4112 - Migrant Working Women in Hermosillo and Los Angeles: Daily Life, Precarity at Work and Health

How is the health of working migrant mothers affected by changing life conditions in different migrant destinations? How do we understand these changes in relation to women’s work, access to health services, the growing precariousness of paid labor, and new strains and demands within the household? We present results from research on work and health among Mexican migrant mothers in Los Angeles, California and Hermosillo, Sonora. The larger study includes a framework that articulates the relation between multiple dimensions of women’s work and their process of health, illness, care and attention. W e address transformations in the world of work; relations between the state, civil society and the individual; and changes within the household, especially in terms of gender relations. We analyze modifications in the labor market, the changing nature of women’s work; ways women care for their health and that of their families, family norms, family structure, remittances, networks, the economic role of the family, and women’s position in relation to other family members. Within the context of migration, we consider labor precarity and vulnerability in women’s daily life. Our methodology combines the analysis of socio-economic and demographic data for each city and partial life histories of migrant women collected in two poor migrant neighborhoods. Based on the concept ways of life , interviews probe ways that migration alters gender and family relations, women’s work, and health. Results reveal differences and similarities between domestic and international migrant women in terms of their sense of isolation; vulnerability; the autonomy of female earners versus women without their own income; and how they combine traditional and biomedical forms of healthcare for women and their families.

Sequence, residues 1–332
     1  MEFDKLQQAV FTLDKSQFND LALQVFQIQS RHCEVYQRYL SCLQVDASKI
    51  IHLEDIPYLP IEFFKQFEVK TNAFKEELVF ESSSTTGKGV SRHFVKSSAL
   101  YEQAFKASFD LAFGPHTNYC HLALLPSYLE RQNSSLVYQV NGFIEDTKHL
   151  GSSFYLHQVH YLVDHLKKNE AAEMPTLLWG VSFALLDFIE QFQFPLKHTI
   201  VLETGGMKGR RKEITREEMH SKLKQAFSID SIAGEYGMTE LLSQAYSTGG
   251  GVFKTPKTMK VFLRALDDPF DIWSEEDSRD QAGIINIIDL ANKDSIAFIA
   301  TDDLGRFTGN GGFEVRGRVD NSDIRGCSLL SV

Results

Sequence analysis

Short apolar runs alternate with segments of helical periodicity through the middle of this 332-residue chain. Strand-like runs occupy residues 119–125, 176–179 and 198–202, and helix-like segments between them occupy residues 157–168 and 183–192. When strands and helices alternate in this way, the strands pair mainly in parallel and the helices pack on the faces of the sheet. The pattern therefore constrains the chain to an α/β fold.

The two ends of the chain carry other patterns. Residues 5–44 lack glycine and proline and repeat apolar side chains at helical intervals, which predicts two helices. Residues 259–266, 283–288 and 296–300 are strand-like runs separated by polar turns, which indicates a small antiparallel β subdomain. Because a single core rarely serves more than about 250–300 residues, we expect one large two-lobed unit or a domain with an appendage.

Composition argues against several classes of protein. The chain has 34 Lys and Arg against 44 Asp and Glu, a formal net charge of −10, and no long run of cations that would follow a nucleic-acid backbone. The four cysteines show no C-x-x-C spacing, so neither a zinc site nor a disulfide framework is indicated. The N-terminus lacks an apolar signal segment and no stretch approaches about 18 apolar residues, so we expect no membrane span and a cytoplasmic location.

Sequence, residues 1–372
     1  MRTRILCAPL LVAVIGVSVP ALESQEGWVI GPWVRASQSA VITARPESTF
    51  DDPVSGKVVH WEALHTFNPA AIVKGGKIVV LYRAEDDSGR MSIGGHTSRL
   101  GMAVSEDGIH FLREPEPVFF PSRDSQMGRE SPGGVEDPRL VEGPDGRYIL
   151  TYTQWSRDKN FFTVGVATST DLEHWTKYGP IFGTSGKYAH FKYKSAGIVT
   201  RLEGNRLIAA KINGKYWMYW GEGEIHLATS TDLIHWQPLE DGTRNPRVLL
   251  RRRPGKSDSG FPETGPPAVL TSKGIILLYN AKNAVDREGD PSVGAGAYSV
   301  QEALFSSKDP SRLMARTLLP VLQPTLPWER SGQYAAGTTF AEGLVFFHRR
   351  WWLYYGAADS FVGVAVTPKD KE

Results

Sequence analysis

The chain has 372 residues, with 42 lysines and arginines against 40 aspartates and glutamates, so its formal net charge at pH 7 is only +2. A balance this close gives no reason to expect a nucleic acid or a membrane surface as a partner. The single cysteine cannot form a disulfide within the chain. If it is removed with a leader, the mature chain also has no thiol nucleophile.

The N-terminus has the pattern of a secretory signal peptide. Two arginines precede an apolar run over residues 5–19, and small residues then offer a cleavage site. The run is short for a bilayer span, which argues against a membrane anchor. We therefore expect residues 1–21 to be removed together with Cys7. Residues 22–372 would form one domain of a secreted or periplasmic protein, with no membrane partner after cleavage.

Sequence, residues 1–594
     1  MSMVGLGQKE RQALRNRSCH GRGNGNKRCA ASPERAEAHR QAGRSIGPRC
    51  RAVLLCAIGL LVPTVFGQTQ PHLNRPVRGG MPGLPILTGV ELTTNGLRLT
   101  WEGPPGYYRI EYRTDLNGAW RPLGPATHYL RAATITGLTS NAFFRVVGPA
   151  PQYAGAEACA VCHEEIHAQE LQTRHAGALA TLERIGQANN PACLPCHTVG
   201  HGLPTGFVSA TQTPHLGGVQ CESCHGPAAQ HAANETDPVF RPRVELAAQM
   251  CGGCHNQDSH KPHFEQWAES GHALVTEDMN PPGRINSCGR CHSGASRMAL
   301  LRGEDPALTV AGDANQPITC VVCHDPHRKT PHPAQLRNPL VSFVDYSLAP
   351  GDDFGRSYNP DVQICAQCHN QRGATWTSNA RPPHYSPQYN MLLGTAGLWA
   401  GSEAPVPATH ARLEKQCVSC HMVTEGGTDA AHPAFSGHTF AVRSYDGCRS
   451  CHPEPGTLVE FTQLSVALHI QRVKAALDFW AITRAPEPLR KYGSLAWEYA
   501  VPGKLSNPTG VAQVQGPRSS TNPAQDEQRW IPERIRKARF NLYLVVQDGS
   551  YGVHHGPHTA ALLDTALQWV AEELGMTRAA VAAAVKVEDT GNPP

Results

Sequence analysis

Keywords: migration, gender, women¿s work, health



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